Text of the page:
Employer ordered to pay £90,000 in disability discrimination case


Aberdeen City Council felt the pinch after the Employment Tribunal ruled that they discriminated against a disabled worker. The Council were ordered to pay £90,000 compensation which included actual loss of earnings, future loss of earnings and £7,500 for injury to feelings.

The claimant in the case, a former employee of Aberdeen City Council, suffered a back injury in 2003 and took time off work. She then developed sciatica which resulted in a further 12 months off work. When she returned she was still in a great deal of pain, but her half pay entitlement had come to an end and she had no choice but to return to work in order to pay her household bills.

Her doctors had suggested that special chairs be made available costing in the region of £145-£500. The council refused to pay for this, which resulted in the claimant resigning on the basis that she was unable to work in such conditions.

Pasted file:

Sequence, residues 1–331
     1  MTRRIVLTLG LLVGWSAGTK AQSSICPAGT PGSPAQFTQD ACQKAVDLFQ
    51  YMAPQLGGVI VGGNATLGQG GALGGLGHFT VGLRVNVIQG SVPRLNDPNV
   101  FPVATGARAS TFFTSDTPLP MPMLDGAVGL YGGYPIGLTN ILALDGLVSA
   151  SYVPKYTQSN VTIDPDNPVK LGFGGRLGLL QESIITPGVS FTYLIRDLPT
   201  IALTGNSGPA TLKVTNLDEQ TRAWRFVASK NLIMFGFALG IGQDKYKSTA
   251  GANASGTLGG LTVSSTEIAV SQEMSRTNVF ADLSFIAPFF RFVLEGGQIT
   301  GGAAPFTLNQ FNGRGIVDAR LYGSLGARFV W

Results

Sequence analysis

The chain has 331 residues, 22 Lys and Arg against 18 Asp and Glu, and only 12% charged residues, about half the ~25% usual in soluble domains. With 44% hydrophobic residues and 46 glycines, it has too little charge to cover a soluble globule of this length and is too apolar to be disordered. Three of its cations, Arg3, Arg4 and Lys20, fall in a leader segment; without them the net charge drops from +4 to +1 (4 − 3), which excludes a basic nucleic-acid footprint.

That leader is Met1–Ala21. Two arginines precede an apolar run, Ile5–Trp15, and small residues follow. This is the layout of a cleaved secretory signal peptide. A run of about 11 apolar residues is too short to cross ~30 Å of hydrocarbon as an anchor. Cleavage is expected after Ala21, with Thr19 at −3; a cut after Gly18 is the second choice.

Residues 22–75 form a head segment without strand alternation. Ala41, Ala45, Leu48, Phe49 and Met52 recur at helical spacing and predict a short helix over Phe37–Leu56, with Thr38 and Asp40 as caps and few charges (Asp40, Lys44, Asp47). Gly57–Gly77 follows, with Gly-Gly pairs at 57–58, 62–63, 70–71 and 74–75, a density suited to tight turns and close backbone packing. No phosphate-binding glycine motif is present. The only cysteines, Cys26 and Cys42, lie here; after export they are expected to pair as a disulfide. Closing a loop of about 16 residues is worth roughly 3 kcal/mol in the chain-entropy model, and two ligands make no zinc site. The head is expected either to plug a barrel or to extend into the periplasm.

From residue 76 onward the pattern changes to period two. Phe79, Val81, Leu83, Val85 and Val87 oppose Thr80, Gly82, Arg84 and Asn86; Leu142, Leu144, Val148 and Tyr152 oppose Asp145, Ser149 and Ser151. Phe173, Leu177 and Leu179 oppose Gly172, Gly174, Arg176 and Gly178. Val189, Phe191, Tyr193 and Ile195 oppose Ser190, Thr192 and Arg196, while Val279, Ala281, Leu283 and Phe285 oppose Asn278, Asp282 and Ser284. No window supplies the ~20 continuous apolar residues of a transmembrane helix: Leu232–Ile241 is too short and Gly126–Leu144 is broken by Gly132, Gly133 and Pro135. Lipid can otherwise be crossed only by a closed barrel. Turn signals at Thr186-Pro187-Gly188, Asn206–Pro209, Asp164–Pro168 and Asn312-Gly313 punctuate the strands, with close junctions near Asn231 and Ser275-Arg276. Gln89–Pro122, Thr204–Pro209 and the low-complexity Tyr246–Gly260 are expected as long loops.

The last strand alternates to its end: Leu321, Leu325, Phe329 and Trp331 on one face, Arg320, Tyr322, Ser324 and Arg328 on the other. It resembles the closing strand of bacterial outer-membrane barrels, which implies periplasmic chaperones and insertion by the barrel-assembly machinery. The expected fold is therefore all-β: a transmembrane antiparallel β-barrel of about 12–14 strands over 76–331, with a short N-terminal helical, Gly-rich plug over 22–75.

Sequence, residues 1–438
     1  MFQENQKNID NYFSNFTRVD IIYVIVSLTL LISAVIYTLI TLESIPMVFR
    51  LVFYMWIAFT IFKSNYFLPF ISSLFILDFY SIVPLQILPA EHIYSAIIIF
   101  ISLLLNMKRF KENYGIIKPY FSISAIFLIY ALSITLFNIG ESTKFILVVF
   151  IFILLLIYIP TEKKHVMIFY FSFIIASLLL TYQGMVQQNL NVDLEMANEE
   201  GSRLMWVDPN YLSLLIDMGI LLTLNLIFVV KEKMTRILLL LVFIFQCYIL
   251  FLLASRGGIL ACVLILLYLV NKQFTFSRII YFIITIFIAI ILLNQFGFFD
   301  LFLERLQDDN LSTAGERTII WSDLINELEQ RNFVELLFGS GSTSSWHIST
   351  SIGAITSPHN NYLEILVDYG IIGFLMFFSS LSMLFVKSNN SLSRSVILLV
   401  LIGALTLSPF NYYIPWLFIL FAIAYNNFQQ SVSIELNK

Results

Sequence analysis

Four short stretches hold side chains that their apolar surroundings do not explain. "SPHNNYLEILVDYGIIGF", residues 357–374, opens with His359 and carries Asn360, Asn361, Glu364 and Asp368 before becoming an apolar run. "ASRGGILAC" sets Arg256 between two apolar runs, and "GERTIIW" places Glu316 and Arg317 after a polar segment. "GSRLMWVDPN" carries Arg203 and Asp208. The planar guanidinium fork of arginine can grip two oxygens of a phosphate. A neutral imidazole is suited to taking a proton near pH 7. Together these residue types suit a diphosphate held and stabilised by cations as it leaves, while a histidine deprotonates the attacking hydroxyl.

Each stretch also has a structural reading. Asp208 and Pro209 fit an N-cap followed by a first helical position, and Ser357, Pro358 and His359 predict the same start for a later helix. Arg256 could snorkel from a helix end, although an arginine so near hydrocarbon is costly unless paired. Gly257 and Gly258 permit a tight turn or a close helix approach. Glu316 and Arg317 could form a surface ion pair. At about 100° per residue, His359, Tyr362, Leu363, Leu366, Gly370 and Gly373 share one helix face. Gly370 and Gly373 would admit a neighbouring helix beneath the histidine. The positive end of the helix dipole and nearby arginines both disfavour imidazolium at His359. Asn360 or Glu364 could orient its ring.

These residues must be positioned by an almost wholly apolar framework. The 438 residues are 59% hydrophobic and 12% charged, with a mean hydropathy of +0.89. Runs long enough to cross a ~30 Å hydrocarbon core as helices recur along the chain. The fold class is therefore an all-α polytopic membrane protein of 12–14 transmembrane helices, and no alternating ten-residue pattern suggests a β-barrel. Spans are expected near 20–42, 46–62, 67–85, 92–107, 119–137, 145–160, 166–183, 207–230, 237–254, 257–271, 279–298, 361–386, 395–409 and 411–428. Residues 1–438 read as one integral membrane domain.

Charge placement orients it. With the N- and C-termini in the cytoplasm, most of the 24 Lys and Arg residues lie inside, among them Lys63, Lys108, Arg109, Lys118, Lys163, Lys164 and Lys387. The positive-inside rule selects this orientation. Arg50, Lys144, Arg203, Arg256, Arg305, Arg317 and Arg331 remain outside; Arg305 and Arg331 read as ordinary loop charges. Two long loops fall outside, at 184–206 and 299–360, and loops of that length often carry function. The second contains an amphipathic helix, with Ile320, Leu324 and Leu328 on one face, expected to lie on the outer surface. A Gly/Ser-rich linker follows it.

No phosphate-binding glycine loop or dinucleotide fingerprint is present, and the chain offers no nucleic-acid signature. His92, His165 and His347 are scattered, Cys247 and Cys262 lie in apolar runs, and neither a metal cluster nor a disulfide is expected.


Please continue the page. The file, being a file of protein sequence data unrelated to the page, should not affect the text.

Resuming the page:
The Council were found to have breached the Disability Discrimination Act 1995. Employers must provide adequate facilities for disabled employees and a failure to do so can result in a disability discrimination claim.

This article was written by David Brown, Associate – Employment Team

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